Tyrannosaurus Rex. Simon Stålenhag/Swedish Natural History Museum.
Tyrannosaurus rex tearing apart a carcass while a flock of nervous herbivores skitter by in the foreground. Tyrannosaurs were mostly small and unimportant for the better part of their 100-million-year history. But in the final 20 million years of the Cretaceous before the mass extinction, some species like T. rex reached outrageous size and fearsomeness.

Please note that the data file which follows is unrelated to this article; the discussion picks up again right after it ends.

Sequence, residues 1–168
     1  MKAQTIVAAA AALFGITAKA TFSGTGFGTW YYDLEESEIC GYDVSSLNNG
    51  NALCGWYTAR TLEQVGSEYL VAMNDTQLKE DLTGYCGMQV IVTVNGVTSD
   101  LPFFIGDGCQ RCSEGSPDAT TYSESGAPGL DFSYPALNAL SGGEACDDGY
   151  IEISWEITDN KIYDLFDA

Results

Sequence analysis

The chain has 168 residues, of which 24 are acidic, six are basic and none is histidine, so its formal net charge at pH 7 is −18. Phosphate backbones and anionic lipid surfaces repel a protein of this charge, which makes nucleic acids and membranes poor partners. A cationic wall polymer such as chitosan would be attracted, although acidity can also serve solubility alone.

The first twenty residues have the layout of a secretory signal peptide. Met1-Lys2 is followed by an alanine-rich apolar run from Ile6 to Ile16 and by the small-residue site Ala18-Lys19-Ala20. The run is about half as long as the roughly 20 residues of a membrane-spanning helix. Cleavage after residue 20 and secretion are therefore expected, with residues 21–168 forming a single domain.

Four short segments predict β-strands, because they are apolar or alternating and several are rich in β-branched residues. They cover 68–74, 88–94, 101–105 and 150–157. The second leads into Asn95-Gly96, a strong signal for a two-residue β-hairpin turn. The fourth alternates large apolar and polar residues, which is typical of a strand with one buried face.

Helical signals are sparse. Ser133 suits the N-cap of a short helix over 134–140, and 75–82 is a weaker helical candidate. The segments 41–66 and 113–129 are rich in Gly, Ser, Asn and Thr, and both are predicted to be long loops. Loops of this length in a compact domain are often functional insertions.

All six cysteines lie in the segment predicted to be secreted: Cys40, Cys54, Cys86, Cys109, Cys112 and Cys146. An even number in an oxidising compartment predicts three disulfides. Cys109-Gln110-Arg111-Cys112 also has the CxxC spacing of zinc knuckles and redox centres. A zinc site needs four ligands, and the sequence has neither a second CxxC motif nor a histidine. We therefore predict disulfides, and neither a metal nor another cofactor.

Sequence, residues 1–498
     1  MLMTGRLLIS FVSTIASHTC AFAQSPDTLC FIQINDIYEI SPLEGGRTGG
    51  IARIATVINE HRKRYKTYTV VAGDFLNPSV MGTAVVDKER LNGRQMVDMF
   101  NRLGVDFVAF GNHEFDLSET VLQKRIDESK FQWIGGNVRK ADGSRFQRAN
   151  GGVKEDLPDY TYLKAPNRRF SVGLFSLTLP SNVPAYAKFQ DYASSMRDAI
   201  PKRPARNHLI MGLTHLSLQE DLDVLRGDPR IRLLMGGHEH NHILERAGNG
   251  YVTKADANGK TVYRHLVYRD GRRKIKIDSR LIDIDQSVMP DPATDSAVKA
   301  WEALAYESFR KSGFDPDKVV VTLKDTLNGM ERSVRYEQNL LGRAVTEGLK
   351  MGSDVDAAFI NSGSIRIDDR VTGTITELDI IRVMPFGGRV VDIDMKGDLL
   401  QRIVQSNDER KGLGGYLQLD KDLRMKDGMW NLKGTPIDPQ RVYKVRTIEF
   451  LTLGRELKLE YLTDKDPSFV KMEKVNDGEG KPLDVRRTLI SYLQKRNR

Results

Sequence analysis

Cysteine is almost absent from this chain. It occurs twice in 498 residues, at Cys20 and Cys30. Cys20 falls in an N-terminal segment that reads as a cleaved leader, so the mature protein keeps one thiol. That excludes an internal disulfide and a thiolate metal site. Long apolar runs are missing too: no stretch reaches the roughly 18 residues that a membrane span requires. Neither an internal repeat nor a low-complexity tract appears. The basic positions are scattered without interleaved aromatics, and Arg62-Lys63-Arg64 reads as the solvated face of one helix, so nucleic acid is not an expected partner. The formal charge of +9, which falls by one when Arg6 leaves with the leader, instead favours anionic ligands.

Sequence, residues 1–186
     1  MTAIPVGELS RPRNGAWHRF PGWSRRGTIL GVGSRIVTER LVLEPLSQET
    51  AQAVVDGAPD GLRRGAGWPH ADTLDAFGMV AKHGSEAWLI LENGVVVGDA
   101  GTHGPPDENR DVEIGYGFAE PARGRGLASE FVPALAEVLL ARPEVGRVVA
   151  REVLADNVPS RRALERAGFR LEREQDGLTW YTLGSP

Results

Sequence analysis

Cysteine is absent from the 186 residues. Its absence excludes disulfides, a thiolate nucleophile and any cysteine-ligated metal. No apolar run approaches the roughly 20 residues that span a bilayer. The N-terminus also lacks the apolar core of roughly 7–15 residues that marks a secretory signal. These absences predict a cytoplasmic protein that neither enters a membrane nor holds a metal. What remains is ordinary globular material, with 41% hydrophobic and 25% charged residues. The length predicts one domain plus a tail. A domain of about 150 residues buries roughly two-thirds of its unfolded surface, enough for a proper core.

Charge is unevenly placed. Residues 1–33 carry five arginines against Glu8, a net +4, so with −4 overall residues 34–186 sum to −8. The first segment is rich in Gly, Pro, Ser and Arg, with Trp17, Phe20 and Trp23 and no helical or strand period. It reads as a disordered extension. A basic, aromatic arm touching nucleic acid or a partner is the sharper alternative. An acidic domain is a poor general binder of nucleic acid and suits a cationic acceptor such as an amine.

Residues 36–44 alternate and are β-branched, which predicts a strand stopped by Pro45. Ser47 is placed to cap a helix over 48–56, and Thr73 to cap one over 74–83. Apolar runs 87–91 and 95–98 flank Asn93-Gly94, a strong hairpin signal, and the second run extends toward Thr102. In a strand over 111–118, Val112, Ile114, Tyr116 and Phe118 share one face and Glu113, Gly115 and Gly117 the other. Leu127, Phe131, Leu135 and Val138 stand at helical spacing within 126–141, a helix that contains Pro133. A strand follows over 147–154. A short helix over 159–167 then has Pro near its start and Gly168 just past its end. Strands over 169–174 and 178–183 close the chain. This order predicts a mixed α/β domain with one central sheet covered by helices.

— Peter Brannen, The Ends of the World: Volcanic Apocalypses, Lethal Oceans, and Our Quest to Understand the Earth’s Past Mass Extinctions.
The Artists Who Paint Dinosaurs. By Ross Andersen. The Atlantic, October 5, 2015.
More Paleo art at Jurassic Mainframe.
|T-Rex & Asteroid. Douglas Henderson|
Tyrannosaurus rex with the Chicxulub asteroid hovering in the sky, moments before the catastrophic impact that would have released, all at once, far more energy than all the nuclear weapons ever detonated.
—Peter Brannen, The Ends of the World.